Marusek: I certainly think they are watching very carefully. I believe Bahrain obviously has its own situation that is really reaching critical mass as well. We are starting to see some protests in Saudi Arabia, and I think that not only are they watching what is happening in Yemen with their eyes, but they are also calling Washington probably hourly trying to press the United States to put pressure on Saleh to handle things correctly, and to look for ways of framing the situation so this empowers the dictatorships in the region because they certainly do not want to step down; any of them. In my opinion, one of the really heinous ways they are doing this and this is not something new; it’s something that has been happening for a while now. But we see it happening more and more now in Libya and Yemen. It’s the so-called threat of al-Qaeda that is being thrown out there. It’s being used to justify mass violations of human rights and violence. It’s often used to generate support from Western publics to continue this repression of populations. I think that Saudi Arabia is guilty of these things and I think that Yemen is guilty and certainly Gaddafi is going crazy with accusing al-Qaeda for everything, which is quite interesting. He usually blames al-Qaeda for atrocities that his own militias are performing on the Libyan people.
Press TV: Is the Yemeni government prepared to end the discrimination against the people in Yemen? If he is going to stay in power until 2013 while the people have been calling for the entire regime to go along with him; to let go of the three decades of power he has been clinging to; do you think that these moves are going to appease the protesters or do you think we are going to see these protests carry on and this new constitution and national unity government proposal not be accepted with President Saleh in the middle of it?
Marusek: That is a very good question and I think we all have to just wait and watch. I would think that looking at the history of oppression against the organized opposition — the political opposition that’s been attempting to gain some sort of say in the government in Yemen for the last several years, and the continued oppression against them is one thing. We know that the system right now excludes them. It has excluded them from elections. It has excluded them from decision making. Then the other part of this equation is that many of the protesters actually started off and their youth are not organized. They are not part of the formal opposition and political opposition movement. So you have two different blocks who only have recently joined together to demand (in some sort of union) the same thing. So whether or not this decision by Saleh is going to divide the people on the streets right now, that is a really good question. My hunch is that it won’t and people will demand more than what he is offering, and just be incredibly skeptical that he will be able to carry through and offer anything to people he’s been marginalizing and oppressing for so many years now.
DAMASCUS — Hamas expressed absolute dismay at recent statements for British foreign secretary William Hague in which he falsely accused the movement of strangling democratic freedom of opinion.
Hamas said in a statement on Wednesday that it came to rule via the ballot box with the free will of the Palestinian people, which the European Union and the USA refused to recognize or deal with.
Hamas reiterated that it was committed to elections as the means to choose a legitimate leadership for the Palestinian people.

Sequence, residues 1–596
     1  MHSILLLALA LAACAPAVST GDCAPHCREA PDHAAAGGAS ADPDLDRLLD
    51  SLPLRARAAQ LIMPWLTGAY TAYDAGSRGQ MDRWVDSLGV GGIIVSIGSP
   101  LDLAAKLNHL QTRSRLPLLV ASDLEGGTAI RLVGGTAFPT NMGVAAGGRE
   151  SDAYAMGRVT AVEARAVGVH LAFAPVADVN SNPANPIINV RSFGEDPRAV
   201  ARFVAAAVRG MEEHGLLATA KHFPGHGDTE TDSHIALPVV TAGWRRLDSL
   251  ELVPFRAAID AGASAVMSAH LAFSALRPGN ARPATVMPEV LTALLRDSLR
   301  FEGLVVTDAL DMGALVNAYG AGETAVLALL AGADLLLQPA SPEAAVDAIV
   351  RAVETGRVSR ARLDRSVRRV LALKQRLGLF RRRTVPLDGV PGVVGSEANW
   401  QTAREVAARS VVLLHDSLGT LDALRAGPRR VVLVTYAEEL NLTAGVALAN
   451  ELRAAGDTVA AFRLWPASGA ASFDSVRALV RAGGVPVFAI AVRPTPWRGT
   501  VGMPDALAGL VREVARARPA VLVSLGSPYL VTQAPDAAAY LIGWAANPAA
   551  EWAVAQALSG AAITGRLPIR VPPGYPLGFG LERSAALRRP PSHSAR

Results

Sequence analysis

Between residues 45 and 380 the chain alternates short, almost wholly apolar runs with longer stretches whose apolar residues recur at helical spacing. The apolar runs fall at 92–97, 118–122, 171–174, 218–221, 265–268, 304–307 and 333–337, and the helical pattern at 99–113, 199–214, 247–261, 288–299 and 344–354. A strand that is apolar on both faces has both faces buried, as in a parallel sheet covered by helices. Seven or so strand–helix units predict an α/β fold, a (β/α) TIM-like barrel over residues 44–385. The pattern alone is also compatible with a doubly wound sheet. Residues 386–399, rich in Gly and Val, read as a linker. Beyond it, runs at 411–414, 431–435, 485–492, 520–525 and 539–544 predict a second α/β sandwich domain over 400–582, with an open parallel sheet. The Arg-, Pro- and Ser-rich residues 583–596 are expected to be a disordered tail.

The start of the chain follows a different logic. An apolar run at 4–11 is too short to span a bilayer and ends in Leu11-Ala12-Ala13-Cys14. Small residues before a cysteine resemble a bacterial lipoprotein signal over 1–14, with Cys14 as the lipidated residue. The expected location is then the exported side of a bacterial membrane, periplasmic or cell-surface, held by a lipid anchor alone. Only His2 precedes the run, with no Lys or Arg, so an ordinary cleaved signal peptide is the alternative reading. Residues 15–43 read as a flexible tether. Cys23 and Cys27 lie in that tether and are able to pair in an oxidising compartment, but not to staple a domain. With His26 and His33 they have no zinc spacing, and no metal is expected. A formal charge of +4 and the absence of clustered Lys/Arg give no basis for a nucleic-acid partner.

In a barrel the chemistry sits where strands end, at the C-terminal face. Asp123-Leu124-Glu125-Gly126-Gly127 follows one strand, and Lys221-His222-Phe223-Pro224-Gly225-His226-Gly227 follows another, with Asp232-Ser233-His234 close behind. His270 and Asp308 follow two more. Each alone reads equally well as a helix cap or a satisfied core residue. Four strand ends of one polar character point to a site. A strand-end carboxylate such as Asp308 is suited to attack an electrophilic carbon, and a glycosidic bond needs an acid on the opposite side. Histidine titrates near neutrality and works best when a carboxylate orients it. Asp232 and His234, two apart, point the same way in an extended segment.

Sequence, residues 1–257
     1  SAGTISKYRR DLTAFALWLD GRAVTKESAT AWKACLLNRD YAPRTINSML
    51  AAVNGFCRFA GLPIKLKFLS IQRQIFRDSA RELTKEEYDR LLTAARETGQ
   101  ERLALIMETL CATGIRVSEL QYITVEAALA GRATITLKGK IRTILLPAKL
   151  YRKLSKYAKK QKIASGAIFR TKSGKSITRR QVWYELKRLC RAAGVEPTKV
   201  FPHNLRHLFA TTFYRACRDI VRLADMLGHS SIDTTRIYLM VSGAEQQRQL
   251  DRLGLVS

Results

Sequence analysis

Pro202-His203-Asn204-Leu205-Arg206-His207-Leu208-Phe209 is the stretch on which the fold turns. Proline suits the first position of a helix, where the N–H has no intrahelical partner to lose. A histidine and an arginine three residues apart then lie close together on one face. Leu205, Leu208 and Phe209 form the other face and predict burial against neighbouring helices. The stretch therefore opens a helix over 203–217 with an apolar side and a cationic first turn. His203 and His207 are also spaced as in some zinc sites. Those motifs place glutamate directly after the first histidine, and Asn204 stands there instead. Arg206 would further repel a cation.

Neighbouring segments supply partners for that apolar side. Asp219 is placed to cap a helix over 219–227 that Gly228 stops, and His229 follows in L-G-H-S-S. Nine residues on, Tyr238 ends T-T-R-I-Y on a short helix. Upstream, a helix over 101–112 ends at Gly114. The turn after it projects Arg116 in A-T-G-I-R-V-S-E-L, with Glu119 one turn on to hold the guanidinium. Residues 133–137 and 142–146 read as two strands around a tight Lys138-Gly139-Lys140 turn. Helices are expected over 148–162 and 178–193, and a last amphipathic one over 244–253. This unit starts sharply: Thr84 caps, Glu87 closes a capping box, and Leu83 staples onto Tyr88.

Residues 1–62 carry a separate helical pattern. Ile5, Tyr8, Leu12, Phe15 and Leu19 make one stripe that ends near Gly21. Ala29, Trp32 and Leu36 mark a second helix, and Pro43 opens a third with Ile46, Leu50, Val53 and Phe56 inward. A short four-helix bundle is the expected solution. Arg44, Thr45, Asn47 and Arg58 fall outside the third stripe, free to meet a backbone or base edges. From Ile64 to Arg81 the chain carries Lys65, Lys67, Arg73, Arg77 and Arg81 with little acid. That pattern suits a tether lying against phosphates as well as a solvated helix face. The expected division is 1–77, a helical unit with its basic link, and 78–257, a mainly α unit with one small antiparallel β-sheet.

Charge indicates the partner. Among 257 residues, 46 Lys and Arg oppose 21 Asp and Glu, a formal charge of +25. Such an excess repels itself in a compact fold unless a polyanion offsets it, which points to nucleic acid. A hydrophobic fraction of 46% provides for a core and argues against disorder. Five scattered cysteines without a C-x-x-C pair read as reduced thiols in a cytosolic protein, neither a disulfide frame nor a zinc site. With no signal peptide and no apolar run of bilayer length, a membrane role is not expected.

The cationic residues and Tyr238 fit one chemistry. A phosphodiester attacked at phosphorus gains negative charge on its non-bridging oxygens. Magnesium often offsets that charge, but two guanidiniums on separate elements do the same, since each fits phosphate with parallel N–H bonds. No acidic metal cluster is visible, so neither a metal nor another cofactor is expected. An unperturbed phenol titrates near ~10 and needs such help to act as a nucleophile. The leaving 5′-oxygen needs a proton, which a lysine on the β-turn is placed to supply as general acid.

Such (Hague) statements reflect a British and a western crisis that attempt to evade the responsibility toward lifting the oppressive, unethical siege on the Gaza Strip, it elaborated.
The movement said it was keen on holding free, honest elections as a fruit of national concord and not according to the Oslo team whims and wishes.
OCCUPIED JERUSALEM — The land research center in the occupied city of Jerusalem said it documented more than 25 violations committed by the Israeli occupation authority (IOA) and Jewish settlers during last February.
13 serious violations against Palestinians’ right to housing took place during this reporting month, most notably, the forcing of a citizen to demolish his home by himself in Sur Bahir area at the pretext of unlicensed construction.
The center’s report affirmed that the Israeli occupation forces (IOF) and settlers continued assaulting, demolishing and seizing homes and property of Palestinians by forces in order to expand settlements and evacuate the holy city from its native people.
The IOF returned to reoccupy the roof of a building in Baten Al-Hawa neighborhood in Silwan district in order to protect Jewish settlers and help them attack the residents, while the settlers are still occupying the houses of three Palestinian families known as Hanoun, Ghawi and Kurd and launching repeated attacks from these houses on their displaced rightful owners and other residents of the neighborhood.
During the month, about 80 olive, almond, apricot and fig trees were uprooted by Israeli military bulldozers in Sheikh Jarrah neighborhood.
The IOA declared its intention to build 13 settlement units in place of Palestinian homes and Al-Maqa area in sheikh Jarrah neighborhood, and endowed lands belonging to the families of Al Saadi and Al Maghrebi, according to the report.
The IOA also wants to turn Qalandia airport into an industrial zone and build 154 settlement units at the expense of Shufat and Beit Hanina territory in the holy city.
Palestinians worshipers were prevented many times especially during Fridays from entering the Aqsa Mosque for prayers and the IOF used force to attack Palestinian protesters injuring one of them in his hand.
Among the violations reported by the center that one settler driving a car ran over a Palestinian child in Silwan district and others physically assaulted two young men in west Jerusalem and killed one of them.